Money market funds are, to most investors, synonymous with cash. It’s not that simple. It took the dire times of the financial crisis to prove that money market funds are, although very cautious investments, still investments which can lose value.
Here’s a quick summary of the financial crisis and why people were so spooked in late 2008. In September 2008, a key money market fund owned short term commercial paper, basically a short term corporate IOU, with Lehman Brothers, which had just gone bankrupt. As a result, the money market fund “broke the buck” and was worth less than 100 cents on the dollar. Investors usually think of money market funds as safe as paper cash, so to lose money on them sent a shockwave through the industry. The losses were still only a few cents on the dollar, but the damage was enough to prompt a number of money market funds into withdrawing their investments from commercial paper and reinvest into short term treasuries instead. The outflows from the commercial paper market were enough to cause the market to freeze. What does that mean? A company can be perfectly healthy but still be, periodically, cash poor. In other words, the business is solvent but not liquid. Without a free flowing commercial paper market, corporations can’t borrow the short term cash they need to pay employees, buy equipment, pay their bills, and so on. After years of inexpensive, easy borrowing, a full switch to “cash-up-front” was a huge shock that some corporations were simply unprepared for. To keep short term credit from freezing completely, the government had to create some explicit protections for money market funds – just like they do for cash in banks (via the FDIC).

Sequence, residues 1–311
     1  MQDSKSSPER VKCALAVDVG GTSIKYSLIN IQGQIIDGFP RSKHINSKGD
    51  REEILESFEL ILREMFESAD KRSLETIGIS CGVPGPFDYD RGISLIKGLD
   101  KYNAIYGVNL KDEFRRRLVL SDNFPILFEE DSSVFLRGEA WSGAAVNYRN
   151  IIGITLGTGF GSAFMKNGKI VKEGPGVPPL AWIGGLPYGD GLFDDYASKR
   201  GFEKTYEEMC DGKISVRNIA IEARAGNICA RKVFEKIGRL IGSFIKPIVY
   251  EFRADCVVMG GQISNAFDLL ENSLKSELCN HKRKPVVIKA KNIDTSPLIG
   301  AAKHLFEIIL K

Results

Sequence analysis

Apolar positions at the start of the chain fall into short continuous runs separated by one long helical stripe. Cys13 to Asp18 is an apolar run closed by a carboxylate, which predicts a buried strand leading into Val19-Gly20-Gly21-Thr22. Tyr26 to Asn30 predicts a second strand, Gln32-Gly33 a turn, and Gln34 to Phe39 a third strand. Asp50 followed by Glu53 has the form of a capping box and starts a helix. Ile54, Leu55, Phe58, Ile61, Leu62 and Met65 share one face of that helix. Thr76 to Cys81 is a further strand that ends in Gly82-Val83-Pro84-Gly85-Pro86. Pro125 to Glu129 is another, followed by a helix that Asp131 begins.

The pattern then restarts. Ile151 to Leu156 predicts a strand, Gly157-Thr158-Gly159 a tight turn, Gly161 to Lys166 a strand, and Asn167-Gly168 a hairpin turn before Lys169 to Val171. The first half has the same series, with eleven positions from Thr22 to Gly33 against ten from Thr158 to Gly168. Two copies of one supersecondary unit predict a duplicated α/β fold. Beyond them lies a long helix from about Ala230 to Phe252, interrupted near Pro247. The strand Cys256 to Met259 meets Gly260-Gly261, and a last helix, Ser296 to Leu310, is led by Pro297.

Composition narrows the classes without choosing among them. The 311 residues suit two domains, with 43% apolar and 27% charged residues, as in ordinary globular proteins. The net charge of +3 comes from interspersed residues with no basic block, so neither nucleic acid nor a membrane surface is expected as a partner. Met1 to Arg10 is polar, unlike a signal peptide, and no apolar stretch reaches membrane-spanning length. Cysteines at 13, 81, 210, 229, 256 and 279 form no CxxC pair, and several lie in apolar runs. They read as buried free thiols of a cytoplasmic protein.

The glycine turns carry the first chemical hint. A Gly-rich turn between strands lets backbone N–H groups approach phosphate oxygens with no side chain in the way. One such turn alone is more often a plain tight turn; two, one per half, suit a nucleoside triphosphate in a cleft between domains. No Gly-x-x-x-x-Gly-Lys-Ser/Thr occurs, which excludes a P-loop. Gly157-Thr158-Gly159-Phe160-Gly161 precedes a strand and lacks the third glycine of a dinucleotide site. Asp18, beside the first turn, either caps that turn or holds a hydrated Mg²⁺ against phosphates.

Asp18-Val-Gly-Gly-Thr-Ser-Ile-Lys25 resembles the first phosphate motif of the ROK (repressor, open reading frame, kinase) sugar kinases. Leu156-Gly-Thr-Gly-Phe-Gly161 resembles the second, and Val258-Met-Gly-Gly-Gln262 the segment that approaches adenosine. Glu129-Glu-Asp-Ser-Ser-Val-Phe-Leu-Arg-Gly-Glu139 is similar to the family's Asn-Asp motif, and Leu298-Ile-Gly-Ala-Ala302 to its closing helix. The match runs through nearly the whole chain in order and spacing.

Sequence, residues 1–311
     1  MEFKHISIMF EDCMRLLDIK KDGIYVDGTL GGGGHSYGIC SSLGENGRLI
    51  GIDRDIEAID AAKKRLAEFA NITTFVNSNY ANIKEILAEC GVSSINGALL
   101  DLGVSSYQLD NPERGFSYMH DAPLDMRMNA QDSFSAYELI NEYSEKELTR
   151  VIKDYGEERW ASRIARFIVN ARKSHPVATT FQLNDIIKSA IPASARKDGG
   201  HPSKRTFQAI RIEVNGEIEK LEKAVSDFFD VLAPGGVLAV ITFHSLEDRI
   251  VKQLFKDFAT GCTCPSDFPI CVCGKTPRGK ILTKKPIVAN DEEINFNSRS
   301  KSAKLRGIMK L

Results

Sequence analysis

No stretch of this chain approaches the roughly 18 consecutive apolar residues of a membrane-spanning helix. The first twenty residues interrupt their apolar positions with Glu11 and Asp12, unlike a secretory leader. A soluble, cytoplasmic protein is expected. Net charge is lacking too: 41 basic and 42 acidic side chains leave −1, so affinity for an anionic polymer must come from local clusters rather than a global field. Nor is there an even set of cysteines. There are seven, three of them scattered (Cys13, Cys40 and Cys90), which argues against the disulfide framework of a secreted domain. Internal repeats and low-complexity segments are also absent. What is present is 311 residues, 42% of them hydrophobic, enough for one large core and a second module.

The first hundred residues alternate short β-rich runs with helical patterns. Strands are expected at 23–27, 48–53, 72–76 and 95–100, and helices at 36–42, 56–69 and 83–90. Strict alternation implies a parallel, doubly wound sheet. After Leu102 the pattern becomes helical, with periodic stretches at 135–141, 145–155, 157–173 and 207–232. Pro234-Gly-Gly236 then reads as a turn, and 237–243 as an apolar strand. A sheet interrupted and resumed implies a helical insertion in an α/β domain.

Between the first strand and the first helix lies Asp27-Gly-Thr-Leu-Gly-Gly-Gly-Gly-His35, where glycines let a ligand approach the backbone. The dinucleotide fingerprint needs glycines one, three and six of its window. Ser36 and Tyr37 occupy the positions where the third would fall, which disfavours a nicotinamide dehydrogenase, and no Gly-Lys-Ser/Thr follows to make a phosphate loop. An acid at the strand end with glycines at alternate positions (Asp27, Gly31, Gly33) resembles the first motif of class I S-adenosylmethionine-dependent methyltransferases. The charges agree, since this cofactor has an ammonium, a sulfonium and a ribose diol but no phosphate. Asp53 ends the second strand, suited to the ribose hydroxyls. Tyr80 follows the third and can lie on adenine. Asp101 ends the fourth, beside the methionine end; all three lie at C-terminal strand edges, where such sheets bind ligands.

Fast forward to 2014. The SEC still wants to maintain the protections for money market investors, but they want to ensure that investors don’t immediately withdraw their funds from the commercial paper market during times of stress. So, the big change in the new law is to prevent mass withdrawals with fees and liquidity “gates”. If investors start pulling out their money all at once, the money market fund can simply stop allowing withdrawals temporarily; this is called a gate. Similarly, during times of stress, a money market fund can impose a redemption fee, up to 2%, to discourage withdrawals.
The full text of the new law can be read here www.sec.gov/rules/final/2014/33-9616.pdf